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Beginner’s Guide to Mobile Application Testing

Creating a mobile application for your store is the best thing that you can do to win an edge over your competitors. Nevertheless, it is also important to ensure the quality of the mobile apps that you offer to your customers. Performing mobile application testing ensures that the product reaches the end-user in the best possible quality and proper functioning of the apps. It is also important to have the right strategy and tools for each type of mobile testing to assure the best performance, security, and UI.

What is mobile application testing?

Mobile application testing refers to the process by which mobile apps created for mobile devices are tested for functionality, usability, and consistency. It is either done manually or with automation. This process makes sure that your app survives in today’s market with its high-end quality and smooth functionality.

Different types of mobile apps

Native Apps: Apps that are developed for a particular platform or operating system (OS) are called Native apps. Focusing on a single OS gives native apps the advantage of being faster and more reliable. This improves its performance and makes them costly to maintain. 

Mobile web apps: Mobile apps which can be used via a web browser on mobile devices are called web apps. They are very similar to native apps. They have fewer maintenance costs and entirely depend on the browser used on the device. 

Hybrid Apps: Apps that are a combination of both native and web-based apps. They use a web view control for presenting the HTML and JavaScript files in a full-screen format. These apps are financially viable and easy to develop. They differ from other app types in terms of lower power and speed.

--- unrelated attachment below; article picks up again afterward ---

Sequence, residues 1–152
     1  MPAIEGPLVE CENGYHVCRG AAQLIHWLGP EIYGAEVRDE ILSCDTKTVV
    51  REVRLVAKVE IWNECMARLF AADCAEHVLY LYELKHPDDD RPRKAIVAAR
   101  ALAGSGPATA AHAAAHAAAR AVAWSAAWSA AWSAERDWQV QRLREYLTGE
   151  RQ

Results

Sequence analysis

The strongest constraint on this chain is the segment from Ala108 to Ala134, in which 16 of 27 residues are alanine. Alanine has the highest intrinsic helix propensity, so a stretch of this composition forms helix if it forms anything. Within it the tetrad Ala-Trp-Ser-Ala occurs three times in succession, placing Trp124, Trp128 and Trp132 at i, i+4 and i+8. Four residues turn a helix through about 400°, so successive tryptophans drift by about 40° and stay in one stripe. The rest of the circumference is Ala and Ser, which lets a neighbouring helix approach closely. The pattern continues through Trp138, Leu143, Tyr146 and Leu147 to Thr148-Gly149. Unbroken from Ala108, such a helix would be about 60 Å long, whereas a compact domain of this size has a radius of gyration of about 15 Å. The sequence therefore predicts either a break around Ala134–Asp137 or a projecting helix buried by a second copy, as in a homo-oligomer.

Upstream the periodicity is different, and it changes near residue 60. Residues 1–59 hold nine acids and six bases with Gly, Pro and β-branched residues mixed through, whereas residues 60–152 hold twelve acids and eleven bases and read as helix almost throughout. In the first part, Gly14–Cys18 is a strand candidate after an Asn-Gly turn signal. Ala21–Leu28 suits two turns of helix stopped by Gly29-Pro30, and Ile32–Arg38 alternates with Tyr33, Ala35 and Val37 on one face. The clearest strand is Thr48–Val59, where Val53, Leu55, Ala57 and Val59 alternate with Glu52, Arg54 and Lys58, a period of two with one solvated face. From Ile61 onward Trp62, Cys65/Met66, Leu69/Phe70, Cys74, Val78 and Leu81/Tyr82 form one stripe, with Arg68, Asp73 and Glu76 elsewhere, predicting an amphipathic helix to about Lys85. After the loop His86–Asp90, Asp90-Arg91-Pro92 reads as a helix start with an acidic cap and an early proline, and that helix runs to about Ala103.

Mobile Application testing basic concepts

 Different types of mobile testing

 The below section intends to shed some light on the different mobile testing methods

Automated testing: Automated testing is used for apps that perform repetitive tasks. This regression testing is done to assure app quality and fast releases.

Manual testing: Manual testing, unlike automated testing, refers to the actual app testers putting an app through a number of different conditions.

Functional testing: The proper working of functions is tested through functional testing. This testing ensures the functioning of the app according to specific requirements.

Performance testing: Performance testing aims at testing the app in less than ideal conditions. This can be load testing, volume or spike testing. 

Usability testing: Usability testing checks the user-friendliness of an app in terms of use and intuitiveness. It helps identify bugs to improve customer experience.

Security testing: Security testing is basically reconnaissance and penetration testing. The aim is to rule out any possible security issues.

Interruption testing: Interruption testing generally checks if an app performs well when interrupted by another application. This is a simple test that ensures better user performance.